COLOR PREFERENCES IN SEXES

Genes make men prefer blue, women pink

22 August, 2007:

It’s now scientific. The notion that little girls like everything in pink while little boys opt for blue seems to have a scientific basis.

Scientists have found that one’s color preference depends largely on one’s sex.

The researchers, Anya Hurlbert and Yazhu Ling of Newcastle University, the United Kingdom, found that women tend to prefer pink – or, at least a redder shade – while men fancy blue, and that the gender difference may be more because of genes than upbringing.

The study, published in the journal Current Biology, investigated the view – held for long but largely unsupported until now – that men and women differ in their color preferences. It is also the first study to show that there is a scientific basis for the idea that girls are born with a particular affinity for pink.

However, despite the evidence for differences between the sexes in terms of visual skills, there was no conclusive proof of sex differences in color preference. “This fact is perhaps surprising given the prevalence and longevity of the notion that little girls differ from boys in preferring pink,” Anya Hurlbert and Yazhu Ling said.

Dr Hurlbert recruited 208 people aged between 20 and 26 for the study and subjected them to a set of tests to determine their color preferences. A substantial minority – 37 – of the group were born and raised in China, which allowed the scientists to compare the preferences of people from two different cultures.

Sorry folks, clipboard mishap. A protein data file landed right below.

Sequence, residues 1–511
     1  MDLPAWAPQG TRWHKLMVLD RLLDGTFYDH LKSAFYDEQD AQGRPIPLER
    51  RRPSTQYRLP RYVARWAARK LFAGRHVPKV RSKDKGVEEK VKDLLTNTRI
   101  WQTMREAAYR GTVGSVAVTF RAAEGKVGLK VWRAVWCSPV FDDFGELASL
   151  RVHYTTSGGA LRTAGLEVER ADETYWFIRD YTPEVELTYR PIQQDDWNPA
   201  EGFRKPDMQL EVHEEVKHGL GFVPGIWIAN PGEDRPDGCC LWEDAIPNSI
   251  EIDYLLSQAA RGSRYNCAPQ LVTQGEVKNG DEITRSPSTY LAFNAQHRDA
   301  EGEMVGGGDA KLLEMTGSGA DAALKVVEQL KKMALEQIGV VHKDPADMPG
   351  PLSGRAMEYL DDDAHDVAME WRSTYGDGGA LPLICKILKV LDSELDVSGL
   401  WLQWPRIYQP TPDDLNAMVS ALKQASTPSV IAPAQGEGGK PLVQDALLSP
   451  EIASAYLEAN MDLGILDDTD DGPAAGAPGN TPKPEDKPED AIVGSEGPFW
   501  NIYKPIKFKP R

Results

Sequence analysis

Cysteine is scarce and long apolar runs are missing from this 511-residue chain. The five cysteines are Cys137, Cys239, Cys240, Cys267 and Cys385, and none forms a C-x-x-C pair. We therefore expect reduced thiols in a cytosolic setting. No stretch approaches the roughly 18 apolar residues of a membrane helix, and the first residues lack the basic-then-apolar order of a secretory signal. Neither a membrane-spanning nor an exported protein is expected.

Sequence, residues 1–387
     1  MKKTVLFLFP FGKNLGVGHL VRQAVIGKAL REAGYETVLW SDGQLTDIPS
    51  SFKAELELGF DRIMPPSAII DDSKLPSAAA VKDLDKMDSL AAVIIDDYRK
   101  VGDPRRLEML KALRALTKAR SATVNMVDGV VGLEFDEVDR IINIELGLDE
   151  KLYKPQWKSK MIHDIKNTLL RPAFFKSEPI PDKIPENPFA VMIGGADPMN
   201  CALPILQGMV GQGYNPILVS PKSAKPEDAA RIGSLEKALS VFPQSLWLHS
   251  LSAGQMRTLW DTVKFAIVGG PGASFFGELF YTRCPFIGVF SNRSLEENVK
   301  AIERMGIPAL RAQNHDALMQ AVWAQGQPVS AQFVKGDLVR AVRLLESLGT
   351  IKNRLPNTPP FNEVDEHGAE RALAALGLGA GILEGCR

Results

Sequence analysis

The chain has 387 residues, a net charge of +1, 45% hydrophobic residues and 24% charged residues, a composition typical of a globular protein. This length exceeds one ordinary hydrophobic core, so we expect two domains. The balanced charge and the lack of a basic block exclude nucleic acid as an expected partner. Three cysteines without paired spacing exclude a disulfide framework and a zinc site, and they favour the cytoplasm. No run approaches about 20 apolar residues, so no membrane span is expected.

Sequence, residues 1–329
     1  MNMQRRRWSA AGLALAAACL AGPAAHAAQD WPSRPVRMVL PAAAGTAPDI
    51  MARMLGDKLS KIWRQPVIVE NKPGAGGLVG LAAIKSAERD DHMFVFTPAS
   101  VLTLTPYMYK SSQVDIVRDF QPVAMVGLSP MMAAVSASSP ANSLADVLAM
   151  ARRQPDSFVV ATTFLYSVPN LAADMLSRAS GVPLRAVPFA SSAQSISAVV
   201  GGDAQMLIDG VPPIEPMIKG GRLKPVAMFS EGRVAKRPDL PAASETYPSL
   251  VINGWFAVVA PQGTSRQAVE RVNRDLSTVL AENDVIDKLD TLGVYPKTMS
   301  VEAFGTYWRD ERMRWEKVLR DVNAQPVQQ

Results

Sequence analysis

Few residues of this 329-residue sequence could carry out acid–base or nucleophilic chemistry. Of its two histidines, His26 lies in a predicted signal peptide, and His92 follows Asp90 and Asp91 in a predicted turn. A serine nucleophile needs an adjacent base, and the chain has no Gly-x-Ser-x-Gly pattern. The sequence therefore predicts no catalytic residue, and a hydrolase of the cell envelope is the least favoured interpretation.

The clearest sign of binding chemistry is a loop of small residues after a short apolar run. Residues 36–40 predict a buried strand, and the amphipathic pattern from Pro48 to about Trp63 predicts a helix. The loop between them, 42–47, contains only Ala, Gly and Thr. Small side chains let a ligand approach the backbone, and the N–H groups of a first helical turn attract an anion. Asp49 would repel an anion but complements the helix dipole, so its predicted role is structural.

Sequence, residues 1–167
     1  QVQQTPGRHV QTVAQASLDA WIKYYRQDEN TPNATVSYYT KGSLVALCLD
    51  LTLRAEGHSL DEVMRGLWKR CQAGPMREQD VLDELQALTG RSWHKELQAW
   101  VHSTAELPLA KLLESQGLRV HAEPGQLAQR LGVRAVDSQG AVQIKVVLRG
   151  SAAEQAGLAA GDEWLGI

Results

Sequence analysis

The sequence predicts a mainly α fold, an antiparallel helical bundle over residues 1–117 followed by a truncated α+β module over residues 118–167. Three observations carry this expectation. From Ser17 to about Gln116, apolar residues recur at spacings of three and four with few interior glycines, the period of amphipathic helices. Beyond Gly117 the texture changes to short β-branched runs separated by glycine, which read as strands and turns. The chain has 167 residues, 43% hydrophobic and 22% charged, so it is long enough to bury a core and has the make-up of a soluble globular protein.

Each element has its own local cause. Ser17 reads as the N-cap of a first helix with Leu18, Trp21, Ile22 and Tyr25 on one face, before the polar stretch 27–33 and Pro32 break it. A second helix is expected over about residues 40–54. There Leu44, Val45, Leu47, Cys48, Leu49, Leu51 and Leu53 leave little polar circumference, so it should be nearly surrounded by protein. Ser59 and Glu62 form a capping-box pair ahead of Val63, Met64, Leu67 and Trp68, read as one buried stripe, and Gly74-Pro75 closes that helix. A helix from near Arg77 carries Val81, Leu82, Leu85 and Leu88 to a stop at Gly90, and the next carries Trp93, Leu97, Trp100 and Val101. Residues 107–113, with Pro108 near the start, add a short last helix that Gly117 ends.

As fast as they could, each young man and woman had to choose their preferred color from a series of paired, colored rectangles shown on a computer screen. The universally preferred color for both sexes was blue, but females also showed a distinct preference for reddish colors.

Dr Hurlbert explains: “Though we expected to find sex differences, we were surprised at how robust they were, given the simplicity of the test. On top of the universal preference for blue, females have a preference for the red end of the red-green axis, and this shifts their color preference slightly away from blue towards red, which tends to make pinks and lilacs the most preferred colors in comparison with others.”


When the two scientists compared the color preferences of the white British participants with the men and women brought up in China, the same sex differences emerged – with Chinese females again showing a clear preference for pink. This suggests that, whatever is the underlying explanation for the differences in color preferences between men and women, it seems to be biological rather than cultural, Dr Hurlbert concludes.

Human vision is trichromatic, meaning that we have three color-sensitive pigments in our eyes – like chimps, gorillas, and other apes. Biologists believe that trichromatic vision in primates came about as a result of the need to distinguish ripened fruit, as well as young, nutritious leaves, in a forest canopy.

However, early human societies almost certainly engaged in a division of labor between the sexes, with men traveling long distances to hunt wild game. Women foraged locally for fruit and berries.

Dr Hurlbert suggests that this division of labor may be at the root of why girls now prefer pink.

Evolution may have driven females to prefer reddish colors – reddish fruits, healthy, reddish faces. Culture may exploit and compound this natural female preference, she said.

As for the wider human preference for blue, Dr Hurlbert said this may have something to do with our love for the grassy plains of our place of origin, in Africa, where the sky is an important feature of the landscape.

 

 

 
         
 

 

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